Colorado College released its annual Conservation in the West Poll, and we once again have evidence that Nevadans and fellow American Westerners support strong environmental protection and climate action. Just like the strong poll numbers we’re seeing for President Joe Biden’s American Rescue Plan, this poll shows strong support for Biden to “go big” on climate and conservation.
Surprise (but not really), Nevadans and other Westerners are worried about the state of our planet.
In the midst of the January 6 Attack on the U.S. Capitol and the rest of the fallout from former President Donald Trump’s failed coup to consolidate his power after losing the election, it’s easy to forget about the rest of Trump’s legacy. But as the Colorado River, Lake Tahoe, and our other natural resources regularly remind us, climate change continues to be our greatest global security crisis, and Trump’s insistence on worsening rather than solving it is just another of the major policy headaches that President Joe Biden has inherited.
Just as Colorado College’s State of the Rockies Project’s Conservation in the West Poll showed in 2019, and just as the Center for Western Priorities’ Winning the West Poll showed last year, this year’s Conservation in the West Poll shows that Trump left behind an unpopular environmental agenda, and that Biden has a popular mandate to take the nation’s environmental policies in a new direction. (Disclaimer: Their Nevada numbers appear to skew too heavily Democratic, though their larger regional numbers don’t appear to be quite as heavily skewed.)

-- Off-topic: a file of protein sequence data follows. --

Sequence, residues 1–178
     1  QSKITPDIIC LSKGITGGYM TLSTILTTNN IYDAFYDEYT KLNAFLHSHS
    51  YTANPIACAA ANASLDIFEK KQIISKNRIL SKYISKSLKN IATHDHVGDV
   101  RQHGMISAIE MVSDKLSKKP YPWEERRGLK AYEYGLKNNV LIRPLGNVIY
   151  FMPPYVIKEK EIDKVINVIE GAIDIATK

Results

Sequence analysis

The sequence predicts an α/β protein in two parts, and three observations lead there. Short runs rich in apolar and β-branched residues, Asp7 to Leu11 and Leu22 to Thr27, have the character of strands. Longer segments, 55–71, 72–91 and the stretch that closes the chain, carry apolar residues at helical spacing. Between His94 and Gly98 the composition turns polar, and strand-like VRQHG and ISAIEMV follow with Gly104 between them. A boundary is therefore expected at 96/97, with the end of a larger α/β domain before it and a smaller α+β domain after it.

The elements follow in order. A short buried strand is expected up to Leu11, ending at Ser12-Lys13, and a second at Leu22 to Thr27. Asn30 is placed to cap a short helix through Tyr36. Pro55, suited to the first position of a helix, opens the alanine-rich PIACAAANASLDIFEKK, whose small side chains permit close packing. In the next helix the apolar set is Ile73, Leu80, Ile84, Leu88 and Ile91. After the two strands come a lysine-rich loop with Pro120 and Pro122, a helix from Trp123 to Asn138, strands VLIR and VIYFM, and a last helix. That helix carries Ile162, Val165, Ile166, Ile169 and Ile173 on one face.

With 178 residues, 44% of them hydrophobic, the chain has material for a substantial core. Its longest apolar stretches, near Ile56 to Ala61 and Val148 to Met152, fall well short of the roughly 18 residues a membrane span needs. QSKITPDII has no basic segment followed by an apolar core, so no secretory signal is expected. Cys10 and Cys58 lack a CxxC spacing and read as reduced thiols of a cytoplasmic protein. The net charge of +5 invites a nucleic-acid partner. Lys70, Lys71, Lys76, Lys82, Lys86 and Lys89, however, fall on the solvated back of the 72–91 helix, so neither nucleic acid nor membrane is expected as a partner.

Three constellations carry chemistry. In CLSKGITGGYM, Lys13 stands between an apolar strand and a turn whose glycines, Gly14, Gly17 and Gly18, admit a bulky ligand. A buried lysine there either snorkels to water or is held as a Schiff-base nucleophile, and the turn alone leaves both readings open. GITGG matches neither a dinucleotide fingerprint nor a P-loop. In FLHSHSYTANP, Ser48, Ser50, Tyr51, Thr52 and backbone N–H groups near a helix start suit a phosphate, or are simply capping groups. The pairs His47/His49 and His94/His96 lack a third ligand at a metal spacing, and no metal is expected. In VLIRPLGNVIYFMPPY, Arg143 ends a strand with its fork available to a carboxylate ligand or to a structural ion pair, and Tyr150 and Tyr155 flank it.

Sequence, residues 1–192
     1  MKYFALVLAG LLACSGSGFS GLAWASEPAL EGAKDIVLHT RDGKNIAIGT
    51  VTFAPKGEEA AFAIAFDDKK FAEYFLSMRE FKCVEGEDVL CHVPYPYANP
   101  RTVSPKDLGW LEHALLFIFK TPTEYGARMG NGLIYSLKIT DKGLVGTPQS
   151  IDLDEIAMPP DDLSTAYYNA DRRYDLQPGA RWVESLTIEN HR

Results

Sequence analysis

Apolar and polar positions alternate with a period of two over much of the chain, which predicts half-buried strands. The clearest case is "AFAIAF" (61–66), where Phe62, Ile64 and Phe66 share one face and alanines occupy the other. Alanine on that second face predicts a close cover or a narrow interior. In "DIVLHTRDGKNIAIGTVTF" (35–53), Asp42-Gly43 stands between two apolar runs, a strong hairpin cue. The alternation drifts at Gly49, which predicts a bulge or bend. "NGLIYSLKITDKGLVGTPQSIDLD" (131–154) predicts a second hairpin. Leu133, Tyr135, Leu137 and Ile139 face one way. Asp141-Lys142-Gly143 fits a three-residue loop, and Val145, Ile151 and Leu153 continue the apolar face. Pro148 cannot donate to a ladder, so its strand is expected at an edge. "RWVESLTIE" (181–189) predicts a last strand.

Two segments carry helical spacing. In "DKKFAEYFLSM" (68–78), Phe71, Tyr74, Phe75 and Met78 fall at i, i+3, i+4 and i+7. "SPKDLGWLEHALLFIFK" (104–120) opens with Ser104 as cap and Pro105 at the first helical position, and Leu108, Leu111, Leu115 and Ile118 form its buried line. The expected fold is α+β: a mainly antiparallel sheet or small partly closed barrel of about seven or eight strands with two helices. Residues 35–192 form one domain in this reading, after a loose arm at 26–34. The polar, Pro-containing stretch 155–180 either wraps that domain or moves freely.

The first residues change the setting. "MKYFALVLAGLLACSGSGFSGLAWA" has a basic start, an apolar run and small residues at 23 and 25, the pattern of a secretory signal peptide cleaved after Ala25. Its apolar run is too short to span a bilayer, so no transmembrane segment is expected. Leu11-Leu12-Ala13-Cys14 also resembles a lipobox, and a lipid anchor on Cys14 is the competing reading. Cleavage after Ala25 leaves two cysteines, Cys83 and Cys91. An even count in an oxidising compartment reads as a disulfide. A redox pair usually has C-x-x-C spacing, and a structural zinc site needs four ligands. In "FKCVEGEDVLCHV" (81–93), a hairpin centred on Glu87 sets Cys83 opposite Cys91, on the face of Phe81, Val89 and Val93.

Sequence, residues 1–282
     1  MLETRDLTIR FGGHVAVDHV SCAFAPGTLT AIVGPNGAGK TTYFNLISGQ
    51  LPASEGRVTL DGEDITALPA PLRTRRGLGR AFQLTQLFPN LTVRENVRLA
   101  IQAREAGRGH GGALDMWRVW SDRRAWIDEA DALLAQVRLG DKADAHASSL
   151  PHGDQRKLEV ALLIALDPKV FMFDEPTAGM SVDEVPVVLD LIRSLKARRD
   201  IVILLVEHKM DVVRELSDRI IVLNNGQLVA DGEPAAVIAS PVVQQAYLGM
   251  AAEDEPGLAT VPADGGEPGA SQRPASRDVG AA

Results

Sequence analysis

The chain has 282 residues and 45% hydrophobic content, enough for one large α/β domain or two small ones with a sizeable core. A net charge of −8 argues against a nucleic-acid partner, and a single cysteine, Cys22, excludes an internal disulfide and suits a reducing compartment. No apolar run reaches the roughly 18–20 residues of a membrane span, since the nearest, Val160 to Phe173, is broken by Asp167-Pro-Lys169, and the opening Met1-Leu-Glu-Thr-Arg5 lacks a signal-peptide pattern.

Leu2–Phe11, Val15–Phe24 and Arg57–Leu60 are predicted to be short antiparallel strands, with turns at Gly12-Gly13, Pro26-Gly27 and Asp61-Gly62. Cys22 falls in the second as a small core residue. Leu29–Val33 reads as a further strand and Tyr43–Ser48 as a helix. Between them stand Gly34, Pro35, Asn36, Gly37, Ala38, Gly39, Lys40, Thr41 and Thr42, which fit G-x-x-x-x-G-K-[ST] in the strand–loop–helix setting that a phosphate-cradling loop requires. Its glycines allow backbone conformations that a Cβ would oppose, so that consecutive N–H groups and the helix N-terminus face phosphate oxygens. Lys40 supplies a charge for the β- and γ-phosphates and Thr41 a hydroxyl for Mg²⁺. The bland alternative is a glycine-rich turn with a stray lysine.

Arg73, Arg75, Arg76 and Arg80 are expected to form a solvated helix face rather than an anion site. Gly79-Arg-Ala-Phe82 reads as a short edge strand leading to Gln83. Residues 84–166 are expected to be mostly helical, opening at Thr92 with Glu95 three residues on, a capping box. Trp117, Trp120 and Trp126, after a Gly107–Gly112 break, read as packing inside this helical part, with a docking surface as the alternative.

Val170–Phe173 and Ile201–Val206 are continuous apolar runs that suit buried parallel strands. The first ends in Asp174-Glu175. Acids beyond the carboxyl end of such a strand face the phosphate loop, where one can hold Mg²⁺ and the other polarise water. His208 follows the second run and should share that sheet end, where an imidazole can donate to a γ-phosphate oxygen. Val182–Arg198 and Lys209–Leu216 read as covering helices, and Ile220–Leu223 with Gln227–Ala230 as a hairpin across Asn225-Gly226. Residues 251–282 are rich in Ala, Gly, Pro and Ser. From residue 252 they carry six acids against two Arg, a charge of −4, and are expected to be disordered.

According to this new poll, 66% of Nevada voters and 61% of Western voters overall are worried about the future of nature. From 2011 to 2021, the amount of voters in the five states where Colorado College has consistently polled (Montana, Wyoming, Utah, Colorado, and New Mexico) who place climate change as an extremely or very serious problem has doubled from 27% to 54%. Moving back towards home, 54% of Nevada voters see climate change as an extremely or very serious problem, 69% feel similarly about low water supply in our rivers, 57% feel similarly about water pollution affecting our regional water sources, 51% feel similarly about loss of fish and wildlife habitat, 53% feel similarly about major wildfires, 49% feel similarly about air pollution, and 46% feel similarly about the impact of fossil fuel drilling on our air, land, and water.
“This really is an area, when we’re talking about the concept of ‘unity’, where all the parties are strongly united.”
– Dave Metz, FM3 Research and one of the pollsters who conducted the Conservation in the West Poll
So what do voters want to do about it? According to the Conservation in the West Poll, 71% of Nevada voters and 66% of Western voters overall support the transition to 100% renewable energy production over the next 10-15 years. 81% of Nevada voters and Western voters support banning fossil fuel drilling on public lands where wildlife migrate. 78% of Nevada voters and 73% of Western voters support restoration of Endangered Species Act protection for threatened wildlife who were delisted by the Trump administration. 88% of Nevada voters and 85% of Western voters support restoration of Clean Water Act protections for streams and seasonal wetlands that were delisted by the Trump administration.